ALTARnative Music: Songs of Christian Faith

This CD is a fabulous tribute to favorite hymns of faith, but performed by each artist in their own style, bringing their hearts and souls to these songs of honor to God. Please order one to share with a friend or family member; they make a wonderful gift to include with a greeting card.

We thought you might enjoy a bit of history about the songs on the CD, so we've posted it below, along with some other talents not featured on the record, but who contributed in various other wonderful ways.

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Besides the wonderful recording artists on the album, this record would not have been possible without the help of these people: Terri Asher at Asher Arts (cover art); Jon Elefante at Listen Up Productions (mastering); Roger Perry at City Lights Management (title); Joe Wrabek for all the fine research on the hymns (posted below); and everyone else who supported and contributed to this project. THANK YOU!

“NEARER, MY GOD, TO THEE” (lyrics 1841, music 1856)  

“Nearer, My God, to Thee,” a hymn usually assoicated with tragedy and disaster, dates from 1841.  The lyrics were penned by British poet, actress and songwriter Sarah Flower Adams (1805-48), and are based loosely on Jacob’s dream in Genesis 28:11-12, which describes a ladder to Heaven, with angels ascending and descending.  Three different melodies have been associated with the song; the most popular and enduring was the tune “Bethany,” written by Lowell Mason in 1856.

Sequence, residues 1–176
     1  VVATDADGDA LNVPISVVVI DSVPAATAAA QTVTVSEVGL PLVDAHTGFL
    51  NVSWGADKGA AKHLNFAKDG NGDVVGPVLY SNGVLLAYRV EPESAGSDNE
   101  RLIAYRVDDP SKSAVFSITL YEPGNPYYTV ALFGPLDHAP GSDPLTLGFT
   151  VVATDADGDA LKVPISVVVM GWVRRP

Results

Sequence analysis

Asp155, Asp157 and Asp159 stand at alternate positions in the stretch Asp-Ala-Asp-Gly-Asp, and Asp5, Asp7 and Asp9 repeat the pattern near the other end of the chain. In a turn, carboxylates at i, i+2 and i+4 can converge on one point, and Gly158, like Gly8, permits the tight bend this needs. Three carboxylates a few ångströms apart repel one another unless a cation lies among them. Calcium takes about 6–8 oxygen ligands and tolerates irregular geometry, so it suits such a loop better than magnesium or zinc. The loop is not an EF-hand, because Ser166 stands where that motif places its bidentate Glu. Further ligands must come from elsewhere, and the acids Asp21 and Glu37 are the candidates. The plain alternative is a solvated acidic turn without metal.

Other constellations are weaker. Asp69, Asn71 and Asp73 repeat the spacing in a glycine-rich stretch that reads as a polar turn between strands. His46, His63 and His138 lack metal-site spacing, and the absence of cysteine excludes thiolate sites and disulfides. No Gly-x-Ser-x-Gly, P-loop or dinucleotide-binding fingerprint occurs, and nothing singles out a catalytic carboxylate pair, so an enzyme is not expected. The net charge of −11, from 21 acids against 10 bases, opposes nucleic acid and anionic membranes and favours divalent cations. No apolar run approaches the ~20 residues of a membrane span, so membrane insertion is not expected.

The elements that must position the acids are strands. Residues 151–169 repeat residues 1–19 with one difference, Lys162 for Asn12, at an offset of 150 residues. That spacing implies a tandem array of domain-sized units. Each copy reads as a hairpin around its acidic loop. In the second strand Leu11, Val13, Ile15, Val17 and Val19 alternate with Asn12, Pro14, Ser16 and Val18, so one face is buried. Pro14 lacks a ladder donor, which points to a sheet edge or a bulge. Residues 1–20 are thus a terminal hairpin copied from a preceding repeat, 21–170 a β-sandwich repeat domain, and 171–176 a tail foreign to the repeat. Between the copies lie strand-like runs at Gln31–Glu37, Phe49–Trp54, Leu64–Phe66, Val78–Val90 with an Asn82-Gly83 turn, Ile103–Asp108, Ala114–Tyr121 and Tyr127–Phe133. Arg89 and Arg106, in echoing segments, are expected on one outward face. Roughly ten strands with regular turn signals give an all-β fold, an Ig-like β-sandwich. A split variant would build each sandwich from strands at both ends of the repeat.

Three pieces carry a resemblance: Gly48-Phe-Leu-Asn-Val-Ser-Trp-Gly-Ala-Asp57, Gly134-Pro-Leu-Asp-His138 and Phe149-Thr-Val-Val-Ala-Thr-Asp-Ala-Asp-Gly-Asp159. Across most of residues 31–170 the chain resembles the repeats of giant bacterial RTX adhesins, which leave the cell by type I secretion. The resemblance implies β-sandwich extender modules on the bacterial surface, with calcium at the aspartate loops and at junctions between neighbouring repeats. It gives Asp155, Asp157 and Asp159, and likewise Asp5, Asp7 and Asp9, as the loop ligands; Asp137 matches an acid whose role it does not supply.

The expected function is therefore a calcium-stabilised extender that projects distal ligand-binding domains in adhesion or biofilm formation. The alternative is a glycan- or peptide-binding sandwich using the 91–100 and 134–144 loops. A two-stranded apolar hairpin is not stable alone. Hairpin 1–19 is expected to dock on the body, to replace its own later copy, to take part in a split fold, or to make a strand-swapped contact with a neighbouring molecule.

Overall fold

The hymn got lasting fame because of the sinking of the Titanic in 1912; survivors reported the haunting image of the ship’s band (which stayed on board) playing “Nearer, My God, to Thee” as the vessel sank.  (Methodists are usually quick to point out the band would have been playing the Methodist melody, not Mason’s, because the bandleader was a Methodist.) The hymn was also played in 1901, following a nationwide five minutes of silence in memory of assassinated President William McKinley—reportedly, McKinley’s last words were from the song.  The hymn was also played at the interment of President James Garfield (who was also assassinated) and the funeral of President Gerald Ford (who was not).